Asher Rospigliosi: teaching digital while thinking about work
Meet Asher, a Glastonbury Firekeeper, founder of Gamespot UK and our module leader for Digital Marketing on our postgraduate and undergraduate courses.
On which programmes and modules do you teach?
I teach on a range of courses, including professional, postgraduate and undergraduate. I teach digital transformation and digital marketing to accountants on the ACCA. For the MBA I teach information systems strategy and scholarly research methods. I really enjoy this module, the students have a very wide range of work experience and we draw on it during four full-day workshops.
I teach digital marketing to postgraduate and final year undergraduate. It is a very stimulating topic to teach, it changes very rapidly, and my undergraduates produce really well-researched blog posts which I like to share here.
From October 2018 I will be leading a new module on digital transformation for first-year Business undergraduates. I am excited, it is a long time since I taught first years, and I know there is a real dynamism in working with those who are new to higher education. I see it as a chance to build a sense of excitement in them about the possibilities of technology to change their lives, the world of work and how the world works. Technology is so fundamental to what makes us human, but also is deeply problematic, exacerbating some of our worst tendencies. I hope this new module will get us engaged with what a good business education is from the get go.
Tell us a little about your professional background?
I have been fortunate enough to have had a varied range of work experiences. I really enjoy doing work physically as well as more cerebral work, so some highlights include the seven years I was a butler. I learnt a lot about good clothes in those years and like to think I still mix a mean cocktail.
I ran a comic shop for several years in central London, there is a real buzz in fandom that I miss. People who conduct research about the history and details of comics and science fiction, to publish it in fanzines taught me much of the joy of serious scholarly work.
I built websites, and e-commerce systems during the heady dot.com years of the late 1990s, which was very exciting. That experience still gives me a feeling of deep understanding of how the internet works. My highlight was starting Gamespot UK. In its time it was a very popular site and we established an innovative and award-winning approach to online publishing (PPAi 2001).
What can you tell us about the module/course you’re teaching?
My Digital Marketing modules (undergraduate and postgraduate) are where I spend most of my time. They are popular modules with large numbers (120 this year on my undergraduate version) and the students write blog posts and use twitter. The coursework involves them choosing an organisation they are interested in, auditing their current use of digital channels, proposing changes and then making a six-minute pitch. So, there are three separate submissions. It involved me in a lot of marking, using audio feedback. But, I feel that the experience of seeing the students understanding grow is very rewarding. By the end of the module, many of the pitches are so strong that I archive them online, on a Student Social Media Showcase that I organise with Dr Sue Greener and the Business e-Learning Research Group (BeL)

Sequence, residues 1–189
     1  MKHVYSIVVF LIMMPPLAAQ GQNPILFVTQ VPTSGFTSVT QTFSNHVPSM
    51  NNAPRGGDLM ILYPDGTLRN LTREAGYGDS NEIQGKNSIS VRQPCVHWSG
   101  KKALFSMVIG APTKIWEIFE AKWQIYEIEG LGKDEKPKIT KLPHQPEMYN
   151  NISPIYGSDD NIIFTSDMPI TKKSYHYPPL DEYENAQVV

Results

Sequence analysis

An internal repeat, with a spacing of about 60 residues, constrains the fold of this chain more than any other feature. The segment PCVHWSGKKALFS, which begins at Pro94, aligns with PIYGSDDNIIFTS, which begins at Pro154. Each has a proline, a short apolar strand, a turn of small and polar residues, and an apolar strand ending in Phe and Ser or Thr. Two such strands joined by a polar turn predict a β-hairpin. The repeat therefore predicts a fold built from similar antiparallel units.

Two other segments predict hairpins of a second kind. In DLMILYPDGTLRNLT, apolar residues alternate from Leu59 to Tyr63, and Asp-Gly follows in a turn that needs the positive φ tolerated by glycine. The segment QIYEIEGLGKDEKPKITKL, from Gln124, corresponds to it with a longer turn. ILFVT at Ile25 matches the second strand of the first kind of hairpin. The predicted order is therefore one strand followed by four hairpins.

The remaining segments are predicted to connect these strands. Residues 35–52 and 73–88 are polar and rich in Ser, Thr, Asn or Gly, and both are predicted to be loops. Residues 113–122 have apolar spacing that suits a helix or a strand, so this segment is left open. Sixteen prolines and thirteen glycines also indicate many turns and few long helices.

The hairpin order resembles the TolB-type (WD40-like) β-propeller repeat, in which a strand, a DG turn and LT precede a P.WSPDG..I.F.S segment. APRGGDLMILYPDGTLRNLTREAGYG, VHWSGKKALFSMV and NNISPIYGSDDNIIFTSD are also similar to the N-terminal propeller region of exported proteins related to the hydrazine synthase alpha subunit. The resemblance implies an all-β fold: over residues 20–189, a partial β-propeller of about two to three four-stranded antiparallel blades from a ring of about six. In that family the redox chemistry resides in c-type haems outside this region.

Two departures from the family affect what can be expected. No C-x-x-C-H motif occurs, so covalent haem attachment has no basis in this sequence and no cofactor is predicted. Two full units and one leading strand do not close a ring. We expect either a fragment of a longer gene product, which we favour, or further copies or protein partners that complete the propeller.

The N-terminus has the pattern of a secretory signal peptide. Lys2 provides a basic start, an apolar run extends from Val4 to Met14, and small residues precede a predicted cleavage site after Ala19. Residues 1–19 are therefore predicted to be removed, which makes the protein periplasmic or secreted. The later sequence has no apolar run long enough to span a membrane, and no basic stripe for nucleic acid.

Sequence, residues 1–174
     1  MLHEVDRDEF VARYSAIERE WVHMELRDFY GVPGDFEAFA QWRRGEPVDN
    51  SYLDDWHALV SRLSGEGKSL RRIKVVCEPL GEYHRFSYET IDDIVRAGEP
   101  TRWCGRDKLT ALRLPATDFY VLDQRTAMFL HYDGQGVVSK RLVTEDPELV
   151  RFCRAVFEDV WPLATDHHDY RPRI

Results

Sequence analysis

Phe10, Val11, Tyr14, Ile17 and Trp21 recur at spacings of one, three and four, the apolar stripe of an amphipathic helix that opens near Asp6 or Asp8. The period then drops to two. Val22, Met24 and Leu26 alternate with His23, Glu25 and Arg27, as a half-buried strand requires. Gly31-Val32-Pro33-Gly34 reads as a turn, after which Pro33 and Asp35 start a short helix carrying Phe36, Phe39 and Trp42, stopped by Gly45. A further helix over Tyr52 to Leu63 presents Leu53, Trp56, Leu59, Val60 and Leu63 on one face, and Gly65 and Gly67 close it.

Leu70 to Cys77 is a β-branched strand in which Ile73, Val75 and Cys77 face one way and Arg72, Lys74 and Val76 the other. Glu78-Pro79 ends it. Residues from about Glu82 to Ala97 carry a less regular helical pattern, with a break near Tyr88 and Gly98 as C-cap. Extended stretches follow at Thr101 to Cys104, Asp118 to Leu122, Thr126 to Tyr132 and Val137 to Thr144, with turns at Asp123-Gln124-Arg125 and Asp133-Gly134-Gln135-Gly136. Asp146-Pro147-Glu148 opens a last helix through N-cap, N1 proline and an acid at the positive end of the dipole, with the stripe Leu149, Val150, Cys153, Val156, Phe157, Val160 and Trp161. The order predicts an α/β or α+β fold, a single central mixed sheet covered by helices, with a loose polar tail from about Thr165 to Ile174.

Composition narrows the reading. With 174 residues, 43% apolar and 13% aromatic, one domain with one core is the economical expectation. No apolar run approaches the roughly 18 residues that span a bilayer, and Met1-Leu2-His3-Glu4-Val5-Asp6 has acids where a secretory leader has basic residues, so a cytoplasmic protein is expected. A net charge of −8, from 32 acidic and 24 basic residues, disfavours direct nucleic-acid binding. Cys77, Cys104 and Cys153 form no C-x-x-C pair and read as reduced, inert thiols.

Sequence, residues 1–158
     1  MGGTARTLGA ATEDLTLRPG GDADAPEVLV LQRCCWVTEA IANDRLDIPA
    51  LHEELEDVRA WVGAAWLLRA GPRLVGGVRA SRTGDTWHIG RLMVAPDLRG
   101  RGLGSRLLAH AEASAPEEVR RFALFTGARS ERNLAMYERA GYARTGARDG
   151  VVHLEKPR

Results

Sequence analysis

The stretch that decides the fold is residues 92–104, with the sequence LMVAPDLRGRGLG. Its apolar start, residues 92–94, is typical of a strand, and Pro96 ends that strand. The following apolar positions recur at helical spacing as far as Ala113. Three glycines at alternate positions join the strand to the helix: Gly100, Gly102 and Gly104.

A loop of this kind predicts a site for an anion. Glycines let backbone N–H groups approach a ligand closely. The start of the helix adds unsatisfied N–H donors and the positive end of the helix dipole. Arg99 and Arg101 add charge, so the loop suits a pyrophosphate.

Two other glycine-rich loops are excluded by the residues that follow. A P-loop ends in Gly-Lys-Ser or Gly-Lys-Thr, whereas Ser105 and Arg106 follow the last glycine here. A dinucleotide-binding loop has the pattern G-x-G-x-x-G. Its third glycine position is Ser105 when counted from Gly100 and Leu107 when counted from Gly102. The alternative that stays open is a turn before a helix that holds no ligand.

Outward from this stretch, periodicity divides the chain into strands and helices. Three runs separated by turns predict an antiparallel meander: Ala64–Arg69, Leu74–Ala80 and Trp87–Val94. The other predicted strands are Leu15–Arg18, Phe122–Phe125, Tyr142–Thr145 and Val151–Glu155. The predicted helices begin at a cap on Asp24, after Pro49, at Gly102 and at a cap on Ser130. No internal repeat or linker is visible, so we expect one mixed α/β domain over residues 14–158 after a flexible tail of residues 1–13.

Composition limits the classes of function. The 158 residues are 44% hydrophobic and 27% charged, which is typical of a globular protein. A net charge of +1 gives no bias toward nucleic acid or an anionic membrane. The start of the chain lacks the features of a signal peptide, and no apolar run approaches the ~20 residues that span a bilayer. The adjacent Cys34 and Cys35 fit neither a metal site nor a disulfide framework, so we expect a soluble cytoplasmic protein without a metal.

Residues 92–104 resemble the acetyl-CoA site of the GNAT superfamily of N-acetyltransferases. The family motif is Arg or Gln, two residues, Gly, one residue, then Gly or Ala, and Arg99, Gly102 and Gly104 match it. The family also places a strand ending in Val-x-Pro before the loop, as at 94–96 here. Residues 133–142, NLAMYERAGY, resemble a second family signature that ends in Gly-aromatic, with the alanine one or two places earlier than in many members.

What interests you most about the subject you teach?
Technology is what makes us human. The application of digital technology and networks by society really excites me. There is such potential for deeper understandings and deeper connections, yet also an enormous risk. The implications of digital transformation have fascinated me all my adult life. As part of the Digital Transformation Research Group I try to make sense of the changes that are happening. I think this interview with the BBC gives a sense of how excited I get when asked to offer an analysis of how digital is changing the ways we learn about, work in and organise our world.
Tell us about any projects you’ve been working on outside of the classroom
I am conducting economic sociological research into how graduates use social media as they seek work, as part of a PhD I am undertaking, focusing on the cultural and creative industries. I am finding it immensely rewarding and exciting, to spend time talking with graduates to see what they are doing after university. The relationship between work and learning are so crucial, and I have enjoyed researching the history of how the fully functioning universities have contributed to work, learning and society. I am also looking towards the future of work and learning through my research into what I call New Vocationalism.
My work is not all about scholarship: I try to get outside and connect with a physical world. Walking my dog, eating good food, traveling to dance and to see art whenever I can. At least a few nights a year I like to sleep by a fire on the ground in my tipi, with the stars visible above. I have been a firekeeper in the tipi field at Glastonbury festival for the last 25 years. Here is a precise poem by the Rowan McCabe the door to door poet, about how hard moving the big logs can be.